How to Figure a Settlement for Discrimination

By Jill Lewis
Discrimination in the workplace.

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If you feel you have been discriminated against in the workplace because of an improper reason, such as gender or race, you can file a lawsuit against your employer for damages resulting from the discrimination. Discrimination lawsuit settlement proceeds depend upon the extent of the damages you sustained. The purpose of discrimination damages is to make the victim "whole," or to be put basically back in the same place that you would have been had the discriminatory act not occurred.

Calculating with a calculator.

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Calculate monetary damages. Discrimination settlements generally include compensation for monetary loss, including lost wages, back pay and potential future monetary losses as a result of losing a job or a promotion.

Distress can be a part of emotional pain and suffering.

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Take into account emotional pain and suffering. If you suffer mental distress and anguish as a result of the discriminatory act, you may be entitled to emotional damages. These damages are established by the testimony of the victim, witnesses or medical professionals. The amount of emotional damages to be awarded in settlement is at the discretion of the judge or jury.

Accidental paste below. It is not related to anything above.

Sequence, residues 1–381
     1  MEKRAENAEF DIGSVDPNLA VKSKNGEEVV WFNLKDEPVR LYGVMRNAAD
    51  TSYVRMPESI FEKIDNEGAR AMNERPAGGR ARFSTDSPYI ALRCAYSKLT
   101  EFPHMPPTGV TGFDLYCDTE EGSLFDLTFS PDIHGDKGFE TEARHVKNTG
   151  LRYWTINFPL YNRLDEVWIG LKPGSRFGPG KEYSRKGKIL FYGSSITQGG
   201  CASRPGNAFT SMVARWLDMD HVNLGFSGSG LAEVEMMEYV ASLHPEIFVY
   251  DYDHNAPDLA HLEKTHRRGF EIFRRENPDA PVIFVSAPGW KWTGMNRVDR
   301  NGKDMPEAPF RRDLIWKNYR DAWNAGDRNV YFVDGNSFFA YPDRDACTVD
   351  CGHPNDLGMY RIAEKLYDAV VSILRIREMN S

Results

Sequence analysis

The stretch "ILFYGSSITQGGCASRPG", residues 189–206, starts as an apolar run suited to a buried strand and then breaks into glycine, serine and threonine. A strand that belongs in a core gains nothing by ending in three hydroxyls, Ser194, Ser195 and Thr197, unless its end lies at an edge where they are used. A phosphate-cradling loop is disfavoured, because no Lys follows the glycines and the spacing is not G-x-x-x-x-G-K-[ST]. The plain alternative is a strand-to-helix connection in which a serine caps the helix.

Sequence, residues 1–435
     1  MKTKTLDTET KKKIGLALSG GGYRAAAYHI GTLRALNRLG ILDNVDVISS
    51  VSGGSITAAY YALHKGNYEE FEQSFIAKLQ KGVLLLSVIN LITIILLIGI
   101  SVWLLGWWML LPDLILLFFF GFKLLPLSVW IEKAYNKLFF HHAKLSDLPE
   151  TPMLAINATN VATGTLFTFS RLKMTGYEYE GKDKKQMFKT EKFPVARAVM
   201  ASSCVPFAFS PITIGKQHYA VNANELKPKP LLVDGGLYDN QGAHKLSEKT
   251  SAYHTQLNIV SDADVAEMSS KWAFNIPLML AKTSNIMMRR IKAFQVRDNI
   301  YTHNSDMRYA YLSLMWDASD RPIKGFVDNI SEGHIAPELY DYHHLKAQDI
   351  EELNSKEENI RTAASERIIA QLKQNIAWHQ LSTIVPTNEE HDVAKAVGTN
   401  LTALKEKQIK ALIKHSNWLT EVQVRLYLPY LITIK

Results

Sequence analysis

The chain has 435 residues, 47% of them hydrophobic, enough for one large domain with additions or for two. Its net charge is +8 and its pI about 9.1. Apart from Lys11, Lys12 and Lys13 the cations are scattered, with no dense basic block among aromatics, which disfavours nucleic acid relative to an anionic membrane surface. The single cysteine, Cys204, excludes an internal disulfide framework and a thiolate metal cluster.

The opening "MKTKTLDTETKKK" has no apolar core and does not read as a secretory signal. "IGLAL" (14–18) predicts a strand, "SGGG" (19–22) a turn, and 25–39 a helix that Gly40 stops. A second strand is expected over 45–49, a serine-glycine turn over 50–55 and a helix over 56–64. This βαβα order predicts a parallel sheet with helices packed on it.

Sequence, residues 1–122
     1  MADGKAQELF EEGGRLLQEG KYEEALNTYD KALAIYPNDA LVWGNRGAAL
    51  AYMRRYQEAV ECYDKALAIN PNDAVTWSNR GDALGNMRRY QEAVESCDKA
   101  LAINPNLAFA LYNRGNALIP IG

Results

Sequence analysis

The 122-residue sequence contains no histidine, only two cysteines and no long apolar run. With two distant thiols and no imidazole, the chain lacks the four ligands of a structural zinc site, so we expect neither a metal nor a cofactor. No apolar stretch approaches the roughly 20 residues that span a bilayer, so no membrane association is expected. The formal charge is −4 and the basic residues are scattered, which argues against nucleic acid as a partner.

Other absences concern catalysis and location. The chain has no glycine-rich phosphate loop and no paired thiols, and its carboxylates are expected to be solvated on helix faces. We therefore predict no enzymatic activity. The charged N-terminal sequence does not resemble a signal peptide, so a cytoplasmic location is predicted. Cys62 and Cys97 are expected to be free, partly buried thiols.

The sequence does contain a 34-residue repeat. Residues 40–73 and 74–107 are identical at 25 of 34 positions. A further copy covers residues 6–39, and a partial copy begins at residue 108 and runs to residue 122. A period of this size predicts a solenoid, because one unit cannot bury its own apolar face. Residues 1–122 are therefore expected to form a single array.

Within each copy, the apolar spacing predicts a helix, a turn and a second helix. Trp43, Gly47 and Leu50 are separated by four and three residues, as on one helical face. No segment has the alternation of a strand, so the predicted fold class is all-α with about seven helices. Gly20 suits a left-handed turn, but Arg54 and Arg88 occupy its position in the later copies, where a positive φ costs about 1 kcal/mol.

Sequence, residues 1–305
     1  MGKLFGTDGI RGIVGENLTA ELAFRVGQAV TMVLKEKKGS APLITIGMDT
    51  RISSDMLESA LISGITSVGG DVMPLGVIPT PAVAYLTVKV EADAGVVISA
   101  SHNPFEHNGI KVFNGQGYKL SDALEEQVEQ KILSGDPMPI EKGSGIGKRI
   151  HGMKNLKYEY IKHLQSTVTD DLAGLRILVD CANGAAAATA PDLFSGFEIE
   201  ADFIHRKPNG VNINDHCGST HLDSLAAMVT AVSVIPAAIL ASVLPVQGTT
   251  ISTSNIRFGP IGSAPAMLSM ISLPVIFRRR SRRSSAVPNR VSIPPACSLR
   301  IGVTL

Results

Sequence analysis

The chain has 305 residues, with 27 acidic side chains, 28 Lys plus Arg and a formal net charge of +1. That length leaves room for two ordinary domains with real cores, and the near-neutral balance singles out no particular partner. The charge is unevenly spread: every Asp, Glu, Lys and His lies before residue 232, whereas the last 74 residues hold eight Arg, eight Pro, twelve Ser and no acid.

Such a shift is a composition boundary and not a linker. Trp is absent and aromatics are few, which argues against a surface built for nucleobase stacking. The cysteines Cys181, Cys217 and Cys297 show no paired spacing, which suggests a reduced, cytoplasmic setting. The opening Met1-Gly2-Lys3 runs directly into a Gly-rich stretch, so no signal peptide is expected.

Judge listening to case.

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Ask for punitive damages. If the employer's actions were especially egregious or willful, you may be entitled to recover punitive damages. The purpose of punitive damages is to punish the defendant for his or her wrongful behavior by making the defendant pay additional damages to the plaintiff. The amount of punitive damages to award in settlement is also at the discretion of the judge or the jury.

Attorney shaking hand of client.

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Request attorney's fees. The prevailing party in a discrimination lawsuit may be able to recover his or her attorney fees from the opposing party as part of the settlement proceeds. This could include court costs such as filing fees, subpoenas and witness appearance fees.

About the Author

Jill Lewis is an attorney in the insurance defense field who combines an active law practice with a freelance writing career. Concentrating on legal articles dedicated to providing practical advice to the layperson, Lewis has written for various online and print publications, including eHow and Business.com. She is a graduate of New York University and the Lewis and Clark School of Law.

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